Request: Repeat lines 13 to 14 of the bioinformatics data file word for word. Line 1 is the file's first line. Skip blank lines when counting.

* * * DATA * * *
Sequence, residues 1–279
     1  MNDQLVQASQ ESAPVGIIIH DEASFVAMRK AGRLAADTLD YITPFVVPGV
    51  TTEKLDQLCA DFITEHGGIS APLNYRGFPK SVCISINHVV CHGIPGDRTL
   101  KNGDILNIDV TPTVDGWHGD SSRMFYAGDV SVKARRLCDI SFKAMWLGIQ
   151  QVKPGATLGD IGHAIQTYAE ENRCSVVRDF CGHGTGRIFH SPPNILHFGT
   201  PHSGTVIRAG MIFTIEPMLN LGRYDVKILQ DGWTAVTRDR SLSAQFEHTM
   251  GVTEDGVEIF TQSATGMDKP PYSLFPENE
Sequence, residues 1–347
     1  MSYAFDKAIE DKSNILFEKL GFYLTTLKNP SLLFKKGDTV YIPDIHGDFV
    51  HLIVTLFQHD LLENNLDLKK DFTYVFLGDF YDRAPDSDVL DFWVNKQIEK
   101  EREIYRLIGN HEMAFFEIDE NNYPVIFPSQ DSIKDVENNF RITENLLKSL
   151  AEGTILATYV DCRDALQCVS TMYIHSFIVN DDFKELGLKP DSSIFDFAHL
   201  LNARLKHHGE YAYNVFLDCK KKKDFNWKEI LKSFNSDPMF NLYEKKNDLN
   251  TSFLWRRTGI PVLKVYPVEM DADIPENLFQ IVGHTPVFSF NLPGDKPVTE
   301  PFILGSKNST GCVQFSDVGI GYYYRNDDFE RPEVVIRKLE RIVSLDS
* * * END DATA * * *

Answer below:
   201  LNARLKHHGE YAYNVFLDCK KKKDFNWKEI LKSFNSDPMF NLYEKKNDLN
   251  TSFLWRRTGI PVLKVYPVEM DADIPENLFQ IVGHTPVFSF NLPGDKPVTE